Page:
And inside that ark, that box made of gold according to Exodus 25, was the covenant, the law of Moses, the holy standard, the Siniatic covenant that has been violated.  Above the ark on each end stood the golden cherubs with outstretched wings that would guard the holiness of God.  And between the cherubs would hover the glorious shekinah, that ineffable dazzling light of the presence of God, a light to brilliant to be seen by the fallen eyes of man.

But, dear friends, there was a lid on top of that ark, a golden lid that separated the law from the holy presence above, the law that had been violated.  And the reason why is because man could never enter into the presence of God having violated that law unless something happened.  You see, that golden lid of separation had staggering implications for every sinner who wants to be reconciled to a holy God, to have peace with God. For on that lid divine justice and grace would come together symbolically when the high priest would spring the blood of the animal once per year to make atonement for the sins of Israel. And, dear friends, that mercy seat, that lid, according to the Septuagint, the Greek translation of the Old Testament was called the hilasterion (hil-as-tay’-ree-on), the place of atonement, the place where the just wrath of God was symbolically propitiated, where God’s fury was temporarily appeased, where his anger was symbolically satisfied and the vengeance of God upon sinners was placated.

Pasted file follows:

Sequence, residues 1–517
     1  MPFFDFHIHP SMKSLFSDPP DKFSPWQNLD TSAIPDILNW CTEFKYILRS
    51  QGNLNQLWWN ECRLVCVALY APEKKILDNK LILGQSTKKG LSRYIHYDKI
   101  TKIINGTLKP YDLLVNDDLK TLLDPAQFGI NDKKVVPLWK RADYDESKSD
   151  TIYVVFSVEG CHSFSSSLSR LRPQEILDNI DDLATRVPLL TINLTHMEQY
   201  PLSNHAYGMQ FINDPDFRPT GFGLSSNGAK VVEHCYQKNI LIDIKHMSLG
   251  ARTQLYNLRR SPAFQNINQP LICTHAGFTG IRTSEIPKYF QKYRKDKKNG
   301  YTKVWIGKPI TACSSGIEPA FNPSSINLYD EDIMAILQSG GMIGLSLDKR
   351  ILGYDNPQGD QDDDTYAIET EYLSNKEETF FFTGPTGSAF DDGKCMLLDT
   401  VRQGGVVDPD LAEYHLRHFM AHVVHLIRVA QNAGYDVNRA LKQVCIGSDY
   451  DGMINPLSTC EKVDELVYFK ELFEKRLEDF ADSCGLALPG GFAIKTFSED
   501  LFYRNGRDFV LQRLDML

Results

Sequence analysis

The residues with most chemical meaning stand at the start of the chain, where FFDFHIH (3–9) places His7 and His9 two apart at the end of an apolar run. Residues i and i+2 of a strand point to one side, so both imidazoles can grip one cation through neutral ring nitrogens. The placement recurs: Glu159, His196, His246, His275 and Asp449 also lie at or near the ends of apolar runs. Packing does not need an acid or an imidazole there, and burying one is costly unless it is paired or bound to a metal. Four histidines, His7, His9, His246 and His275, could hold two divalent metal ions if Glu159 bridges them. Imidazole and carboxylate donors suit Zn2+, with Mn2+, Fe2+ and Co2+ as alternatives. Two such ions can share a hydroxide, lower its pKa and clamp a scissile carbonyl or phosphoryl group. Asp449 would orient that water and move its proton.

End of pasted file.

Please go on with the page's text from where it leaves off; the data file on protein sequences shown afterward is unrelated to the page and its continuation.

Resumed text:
In Exodus 25 verse 21 we read:

You shall put the mercy seat [again, the hilasthrion (hil-as-tay’-ree-on)] on top of the ark, and in the ark you shall put the testimony which I will give to you. There I will meet with you; and from above the mercy seat, from between the two cherubim which are upon the ark of the testimony.15

Now, understand that the Old Testament sacrificial system ultimately pointed to this glorious day of final propitiation when the Lord Jesus Christ would be the perfect sacrifice. And to think that God himself provided the means to appease his own wrath.  That is an inconceivable thought to me.  Beloved, herein is the love of God.